~ awake in this moment, at home in the world ~

Growing Mindful Kids

May 30, 2012
Plant seeds of mindfulness in your child's life, and you may be surprised how beautifully those seeds bloom. Kids are naturally primed for thoughtfulness and care, and this interest can be cultivated through simple practices sprinkled into your family's daily life. Give a few of the following practices a try the next time your family needs an infusion of love and understanding.

Sprinkle your day with blessings and simple reminders to be present and grateful.  When you arrive at school with just a few moments to spare, sit in the car together and take a few deep breaths (or "mindly breaths" as my son used to call them), and wish each other a happy day. My family was inspired to do this by Susan Kaiser Greenland, who wrote The Mindful Child, my favorite book about mindfulness for kids.

Include simple rituals at mealtime and bedtime, too.  Create an after-school routine that helps everyone transition happily back home. Craft a mealtime grace or toast that can be recited every night. Create your own family blessing or prayer that embodies all you love, and recite it together just before bed. These small acts of intention and care can help ground your family's busy days in happiness and peace.

Be generous with hugs and other expressions of care. When my children were young, every family member had the inalienable right at any time to call out, "9-1-1, I need an emergency hug!" Regardless of how busy, angry or sad the other family members were, they were required to shower that needy family member with hugs and kisses. Try it in your family and see what happens. A group hug can change the mood of a room instantly. And offering this safety net of unconditional love can help kids manage their fears and worries with greater ease and faith.

Practice 100 acts of kindness. Try this in the days leading up to Valentine's day, or any time your family needs a little lift. Commit to practicing "random acts of kindness" toward others in your lives. Keep a list, if you like, or hang a cut-out heart in your kitchen for each tender act. Or, set up a "Change for the World" jar. Collect your family's loose change in a bowl or jar in a visible place, and when it's full send the amount off to your favorite charity.

Talk about feelings often. Sometimes drawing pictures together, discussing struggles at school, or listening to music can help lead to a discussion about emotions. Talk about what tender feelings might have been brewing just beneath the surface of someone's confused behavior, or try to imagine how others might have felt when facing challenges or delights in their lives. This helps kids understand that all life comes with ups and downs, and that there are healthy ways to manage them.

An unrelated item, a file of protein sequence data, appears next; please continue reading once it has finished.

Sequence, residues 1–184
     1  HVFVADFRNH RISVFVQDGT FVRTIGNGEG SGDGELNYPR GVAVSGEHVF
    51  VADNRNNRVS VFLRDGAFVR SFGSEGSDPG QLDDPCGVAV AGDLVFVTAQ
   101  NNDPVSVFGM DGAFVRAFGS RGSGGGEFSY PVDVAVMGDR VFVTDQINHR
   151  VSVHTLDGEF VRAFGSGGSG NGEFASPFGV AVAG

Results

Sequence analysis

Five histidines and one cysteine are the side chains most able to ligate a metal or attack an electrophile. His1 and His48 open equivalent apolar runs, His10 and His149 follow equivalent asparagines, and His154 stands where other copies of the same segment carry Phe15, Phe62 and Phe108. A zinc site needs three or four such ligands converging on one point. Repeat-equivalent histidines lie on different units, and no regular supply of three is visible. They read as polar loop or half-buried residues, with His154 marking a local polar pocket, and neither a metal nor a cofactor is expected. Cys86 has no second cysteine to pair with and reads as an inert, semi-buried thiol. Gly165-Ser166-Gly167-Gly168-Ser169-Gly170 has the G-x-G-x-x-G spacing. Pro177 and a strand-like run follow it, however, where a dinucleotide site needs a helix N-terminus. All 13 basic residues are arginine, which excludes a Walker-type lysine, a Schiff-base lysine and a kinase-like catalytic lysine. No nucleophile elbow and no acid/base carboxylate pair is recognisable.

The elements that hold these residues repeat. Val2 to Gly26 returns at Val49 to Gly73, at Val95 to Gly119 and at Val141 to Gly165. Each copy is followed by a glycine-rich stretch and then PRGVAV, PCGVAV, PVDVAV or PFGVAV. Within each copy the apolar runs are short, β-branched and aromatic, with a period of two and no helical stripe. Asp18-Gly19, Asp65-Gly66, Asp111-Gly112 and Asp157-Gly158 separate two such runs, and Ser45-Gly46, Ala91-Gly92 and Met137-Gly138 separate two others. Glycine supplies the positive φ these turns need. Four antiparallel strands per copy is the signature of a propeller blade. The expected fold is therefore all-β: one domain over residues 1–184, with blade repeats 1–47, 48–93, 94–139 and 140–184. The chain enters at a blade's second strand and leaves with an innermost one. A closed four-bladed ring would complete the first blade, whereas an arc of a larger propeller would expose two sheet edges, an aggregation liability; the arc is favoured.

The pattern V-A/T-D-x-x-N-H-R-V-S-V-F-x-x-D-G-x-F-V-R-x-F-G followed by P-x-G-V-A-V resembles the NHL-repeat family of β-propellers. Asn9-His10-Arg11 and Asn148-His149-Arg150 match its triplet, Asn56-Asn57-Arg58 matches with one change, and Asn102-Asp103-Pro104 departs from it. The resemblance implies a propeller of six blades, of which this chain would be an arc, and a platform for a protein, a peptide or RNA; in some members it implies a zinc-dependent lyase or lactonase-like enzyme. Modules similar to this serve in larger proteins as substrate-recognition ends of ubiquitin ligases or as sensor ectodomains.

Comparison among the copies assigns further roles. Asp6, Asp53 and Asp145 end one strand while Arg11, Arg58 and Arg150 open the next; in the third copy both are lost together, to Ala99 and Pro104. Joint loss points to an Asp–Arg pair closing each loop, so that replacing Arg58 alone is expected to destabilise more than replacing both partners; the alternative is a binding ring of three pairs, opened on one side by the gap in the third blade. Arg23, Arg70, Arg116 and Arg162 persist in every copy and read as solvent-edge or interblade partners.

Grow a Thanksgiving tree. Try this just before Thanksgiving or any time you need a little more gratitude in your life. Draw or create a sculpture of a tree without leaves. Create colorful leaves emblazoned with words or pictures of people, places and things your family is thankful for, and hang a new leaf each day. You might love your thanksgiving tree so much that it becomes a permanent fixture in your home!

Practice yoga or meditation together. It’s no longer difficult to find books and online offerings about tailoring these practices to kids. These practices help cultivate emotional and physical balance, and they offer healthy outlets for the emotions and energy kids carry with them. Kids love to move, so why not put that urge to good use?

Make family prayer flags. Inspired by traditional Tibetan prayer flags, make some of your own. Include words that inspire your family to be mindful, thankful and kind. How about  peace, love, share and savor? A slightly more spontaneous - and less labor intensive - approach is to scatter written reminders in random and surprising locations all around the house.

Read books of all kinds. Kids love a good story and there are plenty of good ones that help foster emotional and mental wellbeing. Studies have also shown that reading about the stories of others - even fictional ones - helps cultivate feelings of empathy, thoughtfulness and care, in both children and adults.

Practice sharing "friendly wishes" for others. This variation on traditional lovingkindness meditation, crafted by Greenland and shared in her book, invites us to hold a person in our heart and send them wishes of happiness, health and wellbeing. It offers both kids and grownups a way to incline their hearts toward others, and also offers a potent answer to that question of, "What can we do?" when someone we know faces is struggling. Your family will likely feel better when you send out friendly wishes - either secret or out loud - to those around you. And who knows, your wishes may help others feel a little better, too,